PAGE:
Political parties take over graduate's and teacher's constituency election, defeating purpose

Graduate constituencies too are becoming a dominion of political parties.

Credit : Lokmat

At a point of time, teachers’ constituencies saw a stronghold of candidates from different prominent teachers’ associations in the state, but for the last few years, the candidates from and backed by political parties have begun taking control over most of the seats and this has raised concern among teachers’ organisations and political watchers.

“This election is essential to bring the issues of the education sector in the purview of political agenda,” says MLC Kapil Patil from Mumbai Teachers constituency. The biennial electoral rolls of the Graduates’ and Teachers’ Constituencies of the Maharashtra Legislative Council are going to be held across the state on December 1.

“Until around 2004, the candidates from the different shikshak sanghatana (teachers’ associations) were more influential and got elected. However, for the last decade and so, the political parties have begun invading this space. With their grand campaigns and bribery, they have begun taking over these elections. They get teachers and educational institutes and societies to give them unchallenged support. How can the teachers' associations compete with them,” says VG Pawar from Osmanabad, who is the General Secretary of Marathwada Shikshak Sangh.

With the representation from the teachers’ constituencies increasingly coming from the political parties instead of the teachers’ associations, the teachers fear that the real problems in the education sector will take a backseat, as no one will raise them in the house.

“MLC from the constituency who is part of a political party will obviously be controlled by the political party he/she belongs to. If the party leaders forbid them from raising certain questions pertaining to the betterment of the education sector and teachers, we fear that the issues will remain neglected. These candidates won’t be as passionate about our issues as we are,” said SG Barde from Amravati, President of Vidarbha Madhyamik Shikshak Sangh.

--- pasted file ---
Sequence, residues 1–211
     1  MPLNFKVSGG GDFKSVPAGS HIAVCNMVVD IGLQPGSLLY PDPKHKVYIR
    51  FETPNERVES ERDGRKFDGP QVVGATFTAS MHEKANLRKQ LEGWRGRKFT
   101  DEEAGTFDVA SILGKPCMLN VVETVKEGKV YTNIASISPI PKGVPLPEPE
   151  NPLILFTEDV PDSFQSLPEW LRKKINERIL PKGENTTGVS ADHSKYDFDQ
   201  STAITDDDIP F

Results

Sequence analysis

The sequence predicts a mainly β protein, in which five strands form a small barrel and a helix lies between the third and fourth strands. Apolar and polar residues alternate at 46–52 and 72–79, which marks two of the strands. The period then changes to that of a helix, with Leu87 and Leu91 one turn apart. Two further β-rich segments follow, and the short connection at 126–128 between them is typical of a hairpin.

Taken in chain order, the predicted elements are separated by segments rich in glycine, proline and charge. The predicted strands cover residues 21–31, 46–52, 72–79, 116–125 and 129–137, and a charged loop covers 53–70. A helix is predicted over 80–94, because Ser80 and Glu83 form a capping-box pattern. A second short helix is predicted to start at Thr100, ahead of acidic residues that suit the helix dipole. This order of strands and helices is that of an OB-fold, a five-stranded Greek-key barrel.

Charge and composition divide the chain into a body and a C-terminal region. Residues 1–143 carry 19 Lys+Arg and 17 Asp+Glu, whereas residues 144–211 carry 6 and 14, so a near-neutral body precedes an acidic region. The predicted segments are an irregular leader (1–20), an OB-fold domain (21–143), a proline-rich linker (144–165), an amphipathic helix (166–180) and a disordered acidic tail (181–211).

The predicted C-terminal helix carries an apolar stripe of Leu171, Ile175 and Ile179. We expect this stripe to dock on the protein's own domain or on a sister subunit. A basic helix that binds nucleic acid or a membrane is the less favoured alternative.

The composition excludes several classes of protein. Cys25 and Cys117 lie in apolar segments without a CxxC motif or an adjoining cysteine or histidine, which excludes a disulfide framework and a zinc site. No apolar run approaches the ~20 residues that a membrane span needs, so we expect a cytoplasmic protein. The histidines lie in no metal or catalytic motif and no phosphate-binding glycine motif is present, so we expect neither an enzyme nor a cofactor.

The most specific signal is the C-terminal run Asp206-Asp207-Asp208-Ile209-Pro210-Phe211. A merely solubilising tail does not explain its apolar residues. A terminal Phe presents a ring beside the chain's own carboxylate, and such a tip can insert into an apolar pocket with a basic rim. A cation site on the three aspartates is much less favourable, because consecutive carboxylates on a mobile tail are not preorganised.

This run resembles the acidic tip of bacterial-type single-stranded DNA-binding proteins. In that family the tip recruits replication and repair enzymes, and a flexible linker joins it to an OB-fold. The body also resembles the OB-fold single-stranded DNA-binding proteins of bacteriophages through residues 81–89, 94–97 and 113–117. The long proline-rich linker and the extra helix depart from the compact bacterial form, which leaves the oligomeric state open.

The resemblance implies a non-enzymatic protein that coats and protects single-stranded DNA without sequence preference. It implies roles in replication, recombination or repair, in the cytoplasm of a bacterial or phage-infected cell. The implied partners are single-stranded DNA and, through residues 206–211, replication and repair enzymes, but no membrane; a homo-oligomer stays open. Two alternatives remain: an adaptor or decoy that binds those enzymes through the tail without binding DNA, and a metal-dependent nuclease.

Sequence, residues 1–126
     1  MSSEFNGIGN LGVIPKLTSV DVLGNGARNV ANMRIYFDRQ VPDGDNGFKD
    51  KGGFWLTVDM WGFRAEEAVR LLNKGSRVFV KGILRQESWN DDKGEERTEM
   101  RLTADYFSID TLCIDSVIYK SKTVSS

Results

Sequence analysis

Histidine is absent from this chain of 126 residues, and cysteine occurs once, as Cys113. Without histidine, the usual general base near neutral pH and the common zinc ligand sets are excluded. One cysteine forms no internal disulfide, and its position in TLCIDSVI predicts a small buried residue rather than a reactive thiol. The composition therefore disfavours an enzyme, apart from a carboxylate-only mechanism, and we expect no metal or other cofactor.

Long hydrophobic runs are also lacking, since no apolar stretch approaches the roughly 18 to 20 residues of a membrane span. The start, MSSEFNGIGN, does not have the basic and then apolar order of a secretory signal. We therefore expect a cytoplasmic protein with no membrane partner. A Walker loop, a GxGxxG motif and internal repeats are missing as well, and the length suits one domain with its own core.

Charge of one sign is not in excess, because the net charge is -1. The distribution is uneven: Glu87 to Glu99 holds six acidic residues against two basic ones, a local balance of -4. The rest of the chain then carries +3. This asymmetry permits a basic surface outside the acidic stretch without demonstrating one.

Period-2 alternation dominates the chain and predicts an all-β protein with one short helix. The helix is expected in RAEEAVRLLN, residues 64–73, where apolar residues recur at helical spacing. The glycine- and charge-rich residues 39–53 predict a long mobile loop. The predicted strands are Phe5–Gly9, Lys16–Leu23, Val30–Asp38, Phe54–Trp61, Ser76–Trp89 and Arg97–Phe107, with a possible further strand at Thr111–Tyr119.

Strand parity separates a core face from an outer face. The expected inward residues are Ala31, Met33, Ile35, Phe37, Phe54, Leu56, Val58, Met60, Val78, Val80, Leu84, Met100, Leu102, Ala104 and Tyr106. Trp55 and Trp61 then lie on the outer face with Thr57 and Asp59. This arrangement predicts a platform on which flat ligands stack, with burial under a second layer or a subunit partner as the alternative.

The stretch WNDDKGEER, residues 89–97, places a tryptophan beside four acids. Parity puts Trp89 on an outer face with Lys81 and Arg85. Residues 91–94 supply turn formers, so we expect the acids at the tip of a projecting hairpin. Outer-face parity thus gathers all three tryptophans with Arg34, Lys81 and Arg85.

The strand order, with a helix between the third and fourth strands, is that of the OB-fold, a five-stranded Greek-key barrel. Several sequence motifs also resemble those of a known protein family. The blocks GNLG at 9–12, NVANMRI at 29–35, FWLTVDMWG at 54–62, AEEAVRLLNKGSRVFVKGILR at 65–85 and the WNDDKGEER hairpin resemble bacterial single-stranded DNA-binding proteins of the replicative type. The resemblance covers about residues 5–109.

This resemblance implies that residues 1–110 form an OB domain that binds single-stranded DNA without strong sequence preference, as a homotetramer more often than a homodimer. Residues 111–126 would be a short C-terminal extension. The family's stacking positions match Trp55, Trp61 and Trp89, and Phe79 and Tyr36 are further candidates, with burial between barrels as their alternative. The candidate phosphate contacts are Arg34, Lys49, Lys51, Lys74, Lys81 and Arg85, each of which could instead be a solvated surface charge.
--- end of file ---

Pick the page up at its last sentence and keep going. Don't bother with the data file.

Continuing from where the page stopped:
Teachers’ associations have a long history of fighting for the challenges faced by teachers, which has led to several legislative decisions in favour of the state’s teaching community. Barde adds, “Until 1073, the salaries of the teachers were not made directly to their bank accounts. At the time, MLC NB Sapate, who was a part of Vidarbha Madhyamik Shikshak Sangh, raised the issue in the legislative council and also conducted protests. 

Since 1973, the teachers began to get paid directly to their bank accounts. Another important fight led by a member of a teachers’ association could be the protests for implementing the fifth pay commission for the teachers. VU Daygavhane of the Maharashtra Rajya Madhyamik Shikshak Mahamandal, who was MLC at the time, led the ‘Pariksha Bahishkar Andolan’ (boycott examination protests). This also eased the way to implement sixth as well as seventh pay commission for teachers.”



Adding to this, MLC Patil also states that while political parties certainly have the right to contest these elections, the candidates, as well as the parties in power, should also be held accountable and take responsibility for the decisions and issues in the education sector. “Education is facing several challenges in the state as well as in the country. 

The New Education Policy (NEP) 2020 threatens to privatise the sector, which could hamper the educational opportunities of the underprivileged communities. Why hasn’t the Maharashtra Government rejected the Policy like Kerala or West Bengal governments? Why is this government also ignoring the issue of teacher’s pensions or trying to shut schools with fewer students? Who is going to raise all these issues?” Patil questioned.

Apart from the fear of the real issues remaining unacknowledged, the teachers are also concerned that the stronghold of political parties in the teachers’ constituencies could lead to decisions that are more in favour of the educational institutes and societies, rather than the teachers. 

“Several political parties and leaders are associated with or own educational institutes. So they will obviously be in favour of the interests of the institutes and the directors. The candidates from our associations have always been vocal in the house. We are not sure the candidates from the political parties will do that,” Bade added.

“It’s in the hand of the teachers,” Patil said, “I am sure the teacher voters will not let those in power take over easily.”